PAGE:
By  on December 4, 2009

WASHINGTON — Retailers increased payrolls in November in anticipation of the holiday shopping season as the U.S. unemployment rate dropped unexpectedly and employers cut the fewest jobs since the recession started.

Department stores added 7,500 jobs to employ 1.52 million people, recouping part of the revised 12,400 jobs cut from payrolls in October, the Labor Department said Friday. Specialty stores added 900 jobs to employ 1.41 million workers, after a revised decline of 600 jobs in October and an increase in payrolls in September.

The unemployment rate fell to 10 percent in November after reaching a 26-year high of 10.2 percent in October, and the economy shed just 11,000 jobs, following three months of job losses averaging 135,000 a month.

Although losses continued in manufacturing and construction, the private services sector added jobs for the first time since December 2007.

“It is mostly genuine good news,” said Nigel Gault, chief U.S. economist for IHS Global Insight. “The report says that we are nearer the bottom in the labor market than we thought. We are not yet convinced that employment has troughed, nor that the unemployment rate has peaked, but we can now be more confident that even if the bottom is not quite here, it will be no later than the first quarter of 2010.”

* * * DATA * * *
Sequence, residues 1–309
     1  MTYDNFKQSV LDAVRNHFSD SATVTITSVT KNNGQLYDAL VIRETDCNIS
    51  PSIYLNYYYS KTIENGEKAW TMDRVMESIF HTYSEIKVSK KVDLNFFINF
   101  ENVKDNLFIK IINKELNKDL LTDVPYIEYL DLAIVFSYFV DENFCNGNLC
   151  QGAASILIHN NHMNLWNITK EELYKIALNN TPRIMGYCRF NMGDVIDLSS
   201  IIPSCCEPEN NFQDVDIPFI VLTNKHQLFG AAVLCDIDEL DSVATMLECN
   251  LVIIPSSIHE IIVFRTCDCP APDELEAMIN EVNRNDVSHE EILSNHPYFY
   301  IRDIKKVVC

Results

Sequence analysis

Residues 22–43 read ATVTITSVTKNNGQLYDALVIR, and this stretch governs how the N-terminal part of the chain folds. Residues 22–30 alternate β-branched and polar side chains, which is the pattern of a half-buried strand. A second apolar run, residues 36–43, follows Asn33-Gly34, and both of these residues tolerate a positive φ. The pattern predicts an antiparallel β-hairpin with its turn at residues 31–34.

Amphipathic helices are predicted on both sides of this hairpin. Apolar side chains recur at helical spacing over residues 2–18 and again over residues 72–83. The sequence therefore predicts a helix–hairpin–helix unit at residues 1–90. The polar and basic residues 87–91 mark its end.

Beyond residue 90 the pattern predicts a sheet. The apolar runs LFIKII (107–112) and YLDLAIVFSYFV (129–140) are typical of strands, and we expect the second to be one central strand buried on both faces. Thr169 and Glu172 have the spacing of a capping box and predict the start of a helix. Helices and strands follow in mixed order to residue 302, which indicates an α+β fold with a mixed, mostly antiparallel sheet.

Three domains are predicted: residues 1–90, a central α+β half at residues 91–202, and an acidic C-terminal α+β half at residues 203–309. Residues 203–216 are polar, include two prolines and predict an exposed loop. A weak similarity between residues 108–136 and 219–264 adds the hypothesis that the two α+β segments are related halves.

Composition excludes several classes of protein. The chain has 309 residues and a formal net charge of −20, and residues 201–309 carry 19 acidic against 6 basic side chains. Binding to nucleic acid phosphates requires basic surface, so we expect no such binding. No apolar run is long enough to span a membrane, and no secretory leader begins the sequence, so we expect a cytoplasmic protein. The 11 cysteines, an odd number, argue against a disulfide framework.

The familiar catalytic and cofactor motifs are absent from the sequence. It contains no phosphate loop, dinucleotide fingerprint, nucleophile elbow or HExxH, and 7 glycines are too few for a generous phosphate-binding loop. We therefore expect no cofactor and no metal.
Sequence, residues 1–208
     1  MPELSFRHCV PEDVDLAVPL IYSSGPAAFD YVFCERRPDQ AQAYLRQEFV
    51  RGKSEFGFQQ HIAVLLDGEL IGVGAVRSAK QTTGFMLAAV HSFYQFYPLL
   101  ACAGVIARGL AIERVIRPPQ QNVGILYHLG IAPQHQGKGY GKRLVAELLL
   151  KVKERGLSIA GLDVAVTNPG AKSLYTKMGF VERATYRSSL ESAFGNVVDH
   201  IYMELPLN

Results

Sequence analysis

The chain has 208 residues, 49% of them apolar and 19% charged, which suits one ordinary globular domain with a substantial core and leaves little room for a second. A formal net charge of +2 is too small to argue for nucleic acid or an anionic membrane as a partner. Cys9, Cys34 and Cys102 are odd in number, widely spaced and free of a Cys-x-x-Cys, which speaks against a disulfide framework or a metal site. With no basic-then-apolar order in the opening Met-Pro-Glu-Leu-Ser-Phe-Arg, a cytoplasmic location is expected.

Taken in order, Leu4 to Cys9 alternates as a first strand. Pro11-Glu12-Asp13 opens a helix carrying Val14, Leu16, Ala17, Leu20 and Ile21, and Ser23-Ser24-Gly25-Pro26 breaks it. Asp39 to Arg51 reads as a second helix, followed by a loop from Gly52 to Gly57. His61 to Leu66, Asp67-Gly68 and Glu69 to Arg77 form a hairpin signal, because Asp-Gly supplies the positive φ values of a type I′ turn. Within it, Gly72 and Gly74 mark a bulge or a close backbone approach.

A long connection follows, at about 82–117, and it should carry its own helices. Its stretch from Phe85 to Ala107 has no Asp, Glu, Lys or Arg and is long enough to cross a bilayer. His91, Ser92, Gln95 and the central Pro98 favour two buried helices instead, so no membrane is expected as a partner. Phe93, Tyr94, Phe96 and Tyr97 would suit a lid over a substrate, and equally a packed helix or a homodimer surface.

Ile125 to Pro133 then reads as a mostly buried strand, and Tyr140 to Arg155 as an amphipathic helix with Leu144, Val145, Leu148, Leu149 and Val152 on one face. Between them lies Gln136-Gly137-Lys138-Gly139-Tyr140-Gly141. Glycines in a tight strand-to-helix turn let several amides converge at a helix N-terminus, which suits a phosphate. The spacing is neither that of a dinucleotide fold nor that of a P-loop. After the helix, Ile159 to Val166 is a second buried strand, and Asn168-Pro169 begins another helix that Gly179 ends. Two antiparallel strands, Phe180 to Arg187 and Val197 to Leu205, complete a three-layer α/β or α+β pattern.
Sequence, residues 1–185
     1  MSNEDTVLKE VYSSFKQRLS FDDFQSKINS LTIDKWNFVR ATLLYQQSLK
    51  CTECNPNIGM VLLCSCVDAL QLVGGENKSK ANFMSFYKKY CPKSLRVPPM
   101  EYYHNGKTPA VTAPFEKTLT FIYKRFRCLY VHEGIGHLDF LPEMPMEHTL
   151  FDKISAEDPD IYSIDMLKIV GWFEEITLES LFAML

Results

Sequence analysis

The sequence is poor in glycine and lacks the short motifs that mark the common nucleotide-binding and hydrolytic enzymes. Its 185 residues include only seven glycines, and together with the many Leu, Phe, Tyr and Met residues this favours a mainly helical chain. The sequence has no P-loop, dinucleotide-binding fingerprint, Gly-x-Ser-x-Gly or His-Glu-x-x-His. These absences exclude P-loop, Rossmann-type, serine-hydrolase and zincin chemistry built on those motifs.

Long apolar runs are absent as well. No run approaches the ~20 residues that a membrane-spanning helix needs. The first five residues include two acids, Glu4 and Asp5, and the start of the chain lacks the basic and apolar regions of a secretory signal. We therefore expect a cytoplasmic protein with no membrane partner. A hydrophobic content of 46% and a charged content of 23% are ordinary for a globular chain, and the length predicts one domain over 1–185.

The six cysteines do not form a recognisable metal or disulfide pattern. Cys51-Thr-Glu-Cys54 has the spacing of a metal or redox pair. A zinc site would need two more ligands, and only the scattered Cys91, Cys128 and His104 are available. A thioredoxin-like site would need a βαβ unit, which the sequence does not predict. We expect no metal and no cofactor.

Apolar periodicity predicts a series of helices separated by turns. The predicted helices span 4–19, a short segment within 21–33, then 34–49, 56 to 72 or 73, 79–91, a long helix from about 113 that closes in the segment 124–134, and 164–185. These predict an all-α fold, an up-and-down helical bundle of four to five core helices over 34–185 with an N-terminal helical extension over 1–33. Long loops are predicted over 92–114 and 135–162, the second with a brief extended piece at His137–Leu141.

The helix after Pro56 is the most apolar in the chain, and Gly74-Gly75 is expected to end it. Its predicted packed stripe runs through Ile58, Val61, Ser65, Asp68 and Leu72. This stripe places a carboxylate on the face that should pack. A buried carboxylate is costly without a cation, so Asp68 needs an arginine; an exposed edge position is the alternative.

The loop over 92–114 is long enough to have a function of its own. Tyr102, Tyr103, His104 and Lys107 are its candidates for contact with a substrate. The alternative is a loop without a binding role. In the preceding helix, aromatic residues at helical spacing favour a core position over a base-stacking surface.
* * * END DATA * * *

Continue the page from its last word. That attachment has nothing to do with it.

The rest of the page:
Economists said the improved employment picture in November in the department and specialty store sector was due in large part to temporary hiring for the holidays.

“Retailers normally hire more seasonal help in December,” said Scott Hoyt, senior director of consumer economics for Moody’s Economy.com. “The question is not whether they will lay workers off, but how many they will hire.”

Hoyt said the overall employment picture for apparel and accessories specialty stores “looks significantly weaker than for department stores,” pointing to a year-over-year decline of 50,600 specialty store jobs in November. Department stores had 2,000 more jobs on payrolls this November compared with a year ago.

Textile mills that produce apparel fabric added 500 jobs to employ 121,600 workers. Textile product mills, which make industrial and home furnishing fabric, eliminated 1,100 jobs to employ 123,100, while apparel factories cut 1,800 jobs to 160,200.

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